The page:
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The Fundamentals of Strategic Communication

Communication in itself is one of the few things in life that accompany us on a daily basis. “One cannot not communicate”, once said by Paul Watzlawick as part of his five axioms of communication, hits the nail on the head: every word, action, and behavior is a means of communication. No matter if that is strategical or not, it causes a reaction in your surroundings. This essay takes a critical approach to communication, in particular strategic communication as a field, describes my personal views on it, and gives insights to situations from my life where I found it to be useful.

Defining Strategic Communication

As so often the definition of the field varies immensely depending on who you ask. Given the context in question, it can range from describing communication in a military setting, political persuasion, or an organization looking to reach its goals. Some scholars of the field consider the current definitions to be too narrow, others would say that like with a road, there is no “one size fits all” and the discipline needs a much more detailed definition in order for research to be fruitful. 

Personally, I consider the academic definitions of strategic communication too narrow, and neglecting of other influences. I would take a much more philosophical approach to strategic communication, leading to a much broader definition of the same, but also resulting in a chicken- and-egg problem. Given that, the academic approach to defining strategic communication still makes sense, as everything else would not provide a solid foundation for research to be conducted, and therefore question the existence of the academic approach as a whole.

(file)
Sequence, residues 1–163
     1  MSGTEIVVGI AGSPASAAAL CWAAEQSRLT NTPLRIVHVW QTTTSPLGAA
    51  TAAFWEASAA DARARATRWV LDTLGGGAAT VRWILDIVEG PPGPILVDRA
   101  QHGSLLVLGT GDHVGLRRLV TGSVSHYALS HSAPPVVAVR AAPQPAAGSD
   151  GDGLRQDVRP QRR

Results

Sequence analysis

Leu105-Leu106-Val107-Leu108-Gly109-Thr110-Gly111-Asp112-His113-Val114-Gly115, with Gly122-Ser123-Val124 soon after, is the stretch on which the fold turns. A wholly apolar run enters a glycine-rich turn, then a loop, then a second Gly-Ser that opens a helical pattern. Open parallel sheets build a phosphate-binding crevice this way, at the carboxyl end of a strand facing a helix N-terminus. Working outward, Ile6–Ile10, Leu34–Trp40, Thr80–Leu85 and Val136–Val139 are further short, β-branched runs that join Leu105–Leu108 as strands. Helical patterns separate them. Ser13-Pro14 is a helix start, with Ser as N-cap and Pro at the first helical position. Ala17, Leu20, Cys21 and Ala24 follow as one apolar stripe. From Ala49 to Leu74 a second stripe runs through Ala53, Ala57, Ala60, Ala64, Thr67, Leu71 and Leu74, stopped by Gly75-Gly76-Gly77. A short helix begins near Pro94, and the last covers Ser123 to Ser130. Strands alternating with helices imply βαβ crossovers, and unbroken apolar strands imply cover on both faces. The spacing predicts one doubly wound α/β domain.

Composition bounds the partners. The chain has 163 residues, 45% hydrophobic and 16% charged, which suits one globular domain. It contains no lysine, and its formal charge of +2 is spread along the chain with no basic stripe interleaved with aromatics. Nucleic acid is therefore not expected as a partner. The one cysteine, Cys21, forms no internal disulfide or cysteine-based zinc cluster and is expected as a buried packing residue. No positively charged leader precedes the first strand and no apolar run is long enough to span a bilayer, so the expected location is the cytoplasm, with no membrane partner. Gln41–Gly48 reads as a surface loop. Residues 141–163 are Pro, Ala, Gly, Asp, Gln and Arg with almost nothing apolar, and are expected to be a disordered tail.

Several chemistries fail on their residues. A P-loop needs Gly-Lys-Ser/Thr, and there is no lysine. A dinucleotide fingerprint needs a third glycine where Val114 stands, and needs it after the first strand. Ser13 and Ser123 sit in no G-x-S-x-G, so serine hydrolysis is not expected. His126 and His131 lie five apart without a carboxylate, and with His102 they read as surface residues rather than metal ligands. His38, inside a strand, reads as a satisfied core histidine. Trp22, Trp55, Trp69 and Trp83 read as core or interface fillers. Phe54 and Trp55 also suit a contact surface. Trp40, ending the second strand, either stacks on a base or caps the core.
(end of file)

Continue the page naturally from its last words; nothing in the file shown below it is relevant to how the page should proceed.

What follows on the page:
(Non)-Strategic Communication

When asked about non-strategic communication, I have a hard time wrapping my head around that concept. For me, this leads to a question about whether or not non-strategic communication even exists, or whether there are only different kinds of strategic communication after all. Personally, I would argue that every kind of communication is strategic, but the execution of the same is either conscious or unconscious. Every word you say has a definitive impact on the course of your life – no matter if that is on the short or the long run. One might now say that this makes use of the word “strategic” in a very generic way – but this is exactly what I intend to do. Unconscious or conscious one always executes a strategy. One makes a decision to act in a certain way, say a certain set of words, or adapt ones behavior given the subjective perception of what is considered to be most adequate. Every action causes a reaction, and every decision is target-aimed. Therefore, one follows a path, takes turns, a navigates through life by following a strategy, even thought that is often still modified on the go. 

How Strategy Adds Value to Organizations